If the schedule has been kept, the long awaited Right to Information (RTI) Bill should have already been tabled in parliament when this column appears. The new Government has received plaudits from near and far for having presented so quickly legislation that should have been in the statute books at least two decades ago if [...]


The right to know but how much


If the schedule has been kept, the long awaited Right to Information (RTI) Bill should have already been tabled in parliament when this column appears. The new Government has received plaudits from near and far for having presented so quickly legislation that should have been in the statute books at least two decades ago if only those who governed this country previously had had the political will and the courage to do so.
Over the years the public’s right of access to information has come to be recognised and accepted as a fundamental right without which freedom of speech and expression would be far less meaningful even when that is constitutionally guaranteed.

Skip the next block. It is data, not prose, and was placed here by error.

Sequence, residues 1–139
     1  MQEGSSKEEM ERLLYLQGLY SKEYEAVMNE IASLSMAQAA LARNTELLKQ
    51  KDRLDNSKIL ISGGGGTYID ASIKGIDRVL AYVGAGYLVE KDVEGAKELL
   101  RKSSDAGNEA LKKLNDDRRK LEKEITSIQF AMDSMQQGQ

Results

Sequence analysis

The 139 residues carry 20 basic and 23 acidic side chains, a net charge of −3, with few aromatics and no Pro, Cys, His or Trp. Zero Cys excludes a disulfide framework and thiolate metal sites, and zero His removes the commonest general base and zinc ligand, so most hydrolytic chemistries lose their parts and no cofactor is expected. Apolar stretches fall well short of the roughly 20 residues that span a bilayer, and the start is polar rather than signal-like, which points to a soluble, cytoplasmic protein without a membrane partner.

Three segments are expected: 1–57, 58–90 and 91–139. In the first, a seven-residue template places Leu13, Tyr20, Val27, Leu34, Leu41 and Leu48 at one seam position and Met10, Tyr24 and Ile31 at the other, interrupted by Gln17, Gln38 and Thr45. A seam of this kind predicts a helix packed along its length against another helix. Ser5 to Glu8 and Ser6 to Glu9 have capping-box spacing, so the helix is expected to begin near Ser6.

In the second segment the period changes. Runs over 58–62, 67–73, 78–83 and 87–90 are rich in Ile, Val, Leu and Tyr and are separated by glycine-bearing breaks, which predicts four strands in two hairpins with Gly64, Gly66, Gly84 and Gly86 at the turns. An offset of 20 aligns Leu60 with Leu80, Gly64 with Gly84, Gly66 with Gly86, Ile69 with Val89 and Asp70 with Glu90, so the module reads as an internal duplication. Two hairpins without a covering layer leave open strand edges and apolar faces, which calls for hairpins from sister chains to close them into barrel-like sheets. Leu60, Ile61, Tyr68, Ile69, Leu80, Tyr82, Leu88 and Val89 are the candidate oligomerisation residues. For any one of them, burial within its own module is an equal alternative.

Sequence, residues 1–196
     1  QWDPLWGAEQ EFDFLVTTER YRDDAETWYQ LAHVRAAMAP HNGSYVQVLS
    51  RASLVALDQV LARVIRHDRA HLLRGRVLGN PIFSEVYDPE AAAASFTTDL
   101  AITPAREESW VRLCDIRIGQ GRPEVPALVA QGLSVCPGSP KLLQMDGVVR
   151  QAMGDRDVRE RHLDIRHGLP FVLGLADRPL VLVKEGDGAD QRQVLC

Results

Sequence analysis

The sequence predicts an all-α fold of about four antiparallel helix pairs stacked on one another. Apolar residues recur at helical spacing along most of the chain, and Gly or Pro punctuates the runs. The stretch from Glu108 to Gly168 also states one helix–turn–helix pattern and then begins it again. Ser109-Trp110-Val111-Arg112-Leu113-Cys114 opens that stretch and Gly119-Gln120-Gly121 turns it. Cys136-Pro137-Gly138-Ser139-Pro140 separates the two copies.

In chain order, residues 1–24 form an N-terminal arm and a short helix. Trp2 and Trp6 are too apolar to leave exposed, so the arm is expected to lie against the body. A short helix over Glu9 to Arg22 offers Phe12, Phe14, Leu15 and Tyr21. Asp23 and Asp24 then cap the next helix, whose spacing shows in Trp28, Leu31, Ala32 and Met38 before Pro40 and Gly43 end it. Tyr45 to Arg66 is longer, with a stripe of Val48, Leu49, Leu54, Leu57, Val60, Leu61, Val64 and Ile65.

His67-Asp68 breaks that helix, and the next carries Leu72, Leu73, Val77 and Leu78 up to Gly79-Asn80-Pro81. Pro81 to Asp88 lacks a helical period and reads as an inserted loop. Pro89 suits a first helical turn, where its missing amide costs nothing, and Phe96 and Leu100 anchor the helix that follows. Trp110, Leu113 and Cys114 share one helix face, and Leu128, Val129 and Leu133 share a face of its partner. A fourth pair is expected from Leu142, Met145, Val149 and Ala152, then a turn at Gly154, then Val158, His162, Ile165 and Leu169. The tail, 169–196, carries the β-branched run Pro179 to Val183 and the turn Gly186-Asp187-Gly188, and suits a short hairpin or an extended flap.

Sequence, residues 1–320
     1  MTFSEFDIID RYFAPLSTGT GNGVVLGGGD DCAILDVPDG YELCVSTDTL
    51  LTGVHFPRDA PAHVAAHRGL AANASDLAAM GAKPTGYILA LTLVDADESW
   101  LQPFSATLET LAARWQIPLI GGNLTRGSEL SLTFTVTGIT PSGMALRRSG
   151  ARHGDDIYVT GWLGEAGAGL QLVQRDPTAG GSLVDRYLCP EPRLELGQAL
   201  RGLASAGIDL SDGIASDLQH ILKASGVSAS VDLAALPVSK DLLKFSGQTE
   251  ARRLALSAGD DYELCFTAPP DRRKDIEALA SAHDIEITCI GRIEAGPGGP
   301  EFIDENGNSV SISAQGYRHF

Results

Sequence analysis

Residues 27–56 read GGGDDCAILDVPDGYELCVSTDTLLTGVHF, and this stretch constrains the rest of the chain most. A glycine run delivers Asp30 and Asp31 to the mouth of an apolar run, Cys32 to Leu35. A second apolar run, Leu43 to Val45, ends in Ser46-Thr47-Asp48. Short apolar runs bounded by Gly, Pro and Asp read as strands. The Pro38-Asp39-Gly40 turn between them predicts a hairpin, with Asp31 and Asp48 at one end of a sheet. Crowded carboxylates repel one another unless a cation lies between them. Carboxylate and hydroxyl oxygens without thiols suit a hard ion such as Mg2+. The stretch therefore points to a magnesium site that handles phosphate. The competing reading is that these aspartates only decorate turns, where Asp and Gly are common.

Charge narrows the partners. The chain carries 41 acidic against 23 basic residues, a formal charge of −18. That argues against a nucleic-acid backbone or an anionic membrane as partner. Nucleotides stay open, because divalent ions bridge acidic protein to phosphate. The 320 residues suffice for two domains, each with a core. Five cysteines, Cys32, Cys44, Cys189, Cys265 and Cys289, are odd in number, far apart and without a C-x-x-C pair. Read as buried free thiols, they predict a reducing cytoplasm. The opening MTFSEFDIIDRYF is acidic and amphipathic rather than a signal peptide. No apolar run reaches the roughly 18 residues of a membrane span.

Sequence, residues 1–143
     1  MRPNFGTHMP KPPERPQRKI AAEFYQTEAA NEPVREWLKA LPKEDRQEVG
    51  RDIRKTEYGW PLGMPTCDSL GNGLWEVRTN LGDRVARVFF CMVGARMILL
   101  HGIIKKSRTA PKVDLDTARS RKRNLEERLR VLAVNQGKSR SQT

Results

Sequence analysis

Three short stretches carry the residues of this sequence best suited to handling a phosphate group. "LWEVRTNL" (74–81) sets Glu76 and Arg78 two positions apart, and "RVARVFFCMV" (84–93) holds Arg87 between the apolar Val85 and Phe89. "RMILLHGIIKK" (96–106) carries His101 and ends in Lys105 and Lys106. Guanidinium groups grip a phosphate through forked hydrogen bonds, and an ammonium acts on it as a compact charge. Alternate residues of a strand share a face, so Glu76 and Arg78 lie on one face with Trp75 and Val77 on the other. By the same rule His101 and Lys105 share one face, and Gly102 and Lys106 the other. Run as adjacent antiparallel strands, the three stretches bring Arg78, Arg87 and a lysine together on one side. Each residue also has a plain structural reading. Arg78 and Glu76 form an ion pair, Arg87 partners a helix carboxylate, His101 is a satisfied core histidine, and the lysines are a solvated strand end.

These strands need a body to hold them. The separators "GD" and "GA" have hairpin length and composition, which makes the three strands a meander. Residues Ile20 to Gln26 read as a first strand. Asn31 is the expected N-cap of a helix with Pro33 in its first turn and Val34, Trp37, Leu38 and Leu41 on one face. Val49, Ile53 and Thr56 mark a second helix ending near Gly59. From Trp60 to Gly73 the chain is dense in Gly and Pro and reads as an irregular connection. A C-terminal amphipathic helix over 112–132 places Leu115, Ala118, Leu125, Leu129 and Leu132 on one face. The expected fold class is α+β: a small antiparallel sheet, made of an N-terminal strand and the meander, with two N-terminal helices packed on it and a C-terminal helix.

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So while the firm step the Government has taken to provide this statutory right to the people in the first days of its assuming office is a move in the right direction to affirming its stated commitment to transparency and accountability, it would be prudent to withhold the enthusiasm until we know more.

If I am not mistaken, it was the new secretary to the Media Ministry who said that a committee would be looking at earlier drafts of intended freedom of information legislation and the current draft bill. If what has now presumably been presented to parliament is the product of their collective wisdom, or at least the one that received their approval, it would have been helpful if the ministry had named the persons constituting the committee with their affiliations.

Though I have trawled, as it is called, various websites including several local newspapers, I could not find the information I was seeking. If the ministry that seems to be tasked with piloting through this legislation on the right to information, seems reluctant to provide such basic information so that the public will have an idea of the persons responsible for scanning the draft and probably giving their okay, it tends to throw some doubt on the government’s collective commitment to transparency.